NEW YORK (AP) – Have a heart, New York! A giant red heart sculpture installed this week in Central Park …
NEW YORK (AP) – Have a heart, New York!
A giant red-hearted sculpture installed this week in Central Park as a tribute to health professionals and victims of COVID-19 has been removed – an obvious victim of confusion and bureaucracy.
Italian sculptor Sergio Furnari says he was walking past the park on Thursday afternoon with friends when he noticed that his “Heroes Heart Monument” was gone.
When he went to file a police report, he said, he was jumped from police station to police station until a police officer on Friday showed him a video of people removing the 10-foot-tall, 3,000-pound (3-meter, 1,360-kilogram) man. ) monument and place it on a truck.
“They literally broke my heart,” Furnari said as he arrived Friday night.
Furnari admitted that he did not have a permit to place the heart in the park, but considered a $ 4,000 grant he received from the New York City government to be his permit for the temporary installation. He said he considered the removal of his memorial to be “an abuse of power.”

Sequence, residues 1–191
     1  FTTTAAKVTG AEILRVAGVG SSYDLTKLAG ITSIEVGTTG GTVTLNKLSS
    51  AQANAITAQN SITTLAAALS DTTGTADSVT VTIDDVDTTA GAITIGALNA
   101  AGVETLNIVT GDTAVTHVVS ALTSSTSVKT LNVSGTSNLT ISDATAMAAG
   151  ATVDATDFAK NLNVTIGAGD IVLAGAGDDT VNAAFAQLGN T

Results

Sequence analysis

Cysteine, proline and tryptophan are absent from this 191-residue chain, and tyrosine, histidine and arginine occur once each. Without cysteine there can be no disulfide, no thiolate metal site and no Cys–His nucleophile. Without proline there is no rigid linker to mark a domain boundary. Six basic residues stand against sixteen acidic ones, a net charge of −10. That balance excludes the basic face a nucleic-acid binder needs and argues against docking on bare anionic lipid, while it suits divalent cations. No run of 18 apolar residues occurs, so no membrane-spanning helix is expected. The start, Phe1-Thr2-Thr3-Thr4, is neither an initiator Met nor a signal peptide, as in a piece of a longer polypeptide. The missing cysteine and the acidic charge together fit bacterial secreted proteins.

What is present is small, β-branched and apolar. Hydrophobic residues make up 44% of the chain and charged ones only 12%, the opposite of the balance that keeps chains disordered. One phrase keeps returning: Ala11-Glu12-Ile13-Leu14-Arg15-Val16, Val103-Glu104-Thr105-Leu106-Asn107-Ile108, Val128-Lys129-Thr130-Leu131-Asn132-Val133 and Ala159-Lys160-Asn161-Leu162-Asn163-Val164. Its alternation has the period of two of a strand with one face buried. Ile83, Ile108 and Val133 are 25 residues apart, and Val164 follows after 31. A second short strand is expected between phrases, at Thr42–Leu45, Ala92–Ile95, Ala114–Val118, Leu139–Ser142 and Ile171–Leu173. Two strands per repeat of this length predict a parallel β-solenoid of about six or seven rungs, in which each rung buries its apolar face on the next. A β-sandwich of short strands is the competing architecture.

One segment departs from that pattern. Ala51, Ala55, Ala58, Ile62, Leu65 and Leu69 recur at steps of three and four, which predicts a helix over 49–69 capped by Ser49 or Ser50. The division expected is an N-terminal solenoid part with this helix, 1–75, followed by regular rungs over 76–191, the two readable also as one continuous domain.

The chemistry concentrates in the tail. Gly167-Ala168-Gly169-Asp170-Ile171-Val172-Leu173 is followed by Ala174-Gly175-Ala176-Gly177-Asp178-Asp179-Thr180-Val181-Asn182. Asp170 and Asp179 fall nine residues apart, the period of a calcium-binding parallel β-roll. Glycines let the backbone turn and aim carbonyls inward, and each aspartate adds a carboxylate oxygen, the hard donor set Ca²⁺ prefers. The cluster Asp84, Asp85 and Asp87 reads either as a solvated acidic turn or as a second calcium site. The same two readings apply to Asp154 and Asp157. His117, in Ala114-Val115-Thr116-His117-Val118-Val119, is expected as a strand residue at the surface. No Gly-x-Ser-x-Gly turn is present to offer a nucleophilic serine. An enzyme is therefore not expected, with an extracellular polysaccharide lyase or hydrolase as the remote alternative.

A message was left to the Central Park Conservancy, the nonprofit organization that manages the park on behalf of the city, for comment. Furnari said he planned to go to the organization on Monday to find out what happened to his heart.
Furnari said he wanted the sculpture to be a place of emotional and spiritual comfort in the busy city and not just a popular place for selfies, though he said he was cool with it too.
The work was an extension of another work he created earlier in the pandemic: a life-size sculpture of a health worker kneeling with his arms outstretched toward the sky.
In an interview prior to the sculpture’s removal, the artist explained his vision for the work.
“Everyone suffers in different ways and needs all sorts of comfort,” Furnari said. “I hope this heart helps them remember their loved ones and cope with the grief. For a moment, they can forget their problems. ”
Associated Press Reporter Philip Marcelo of Boston contributed to this report.
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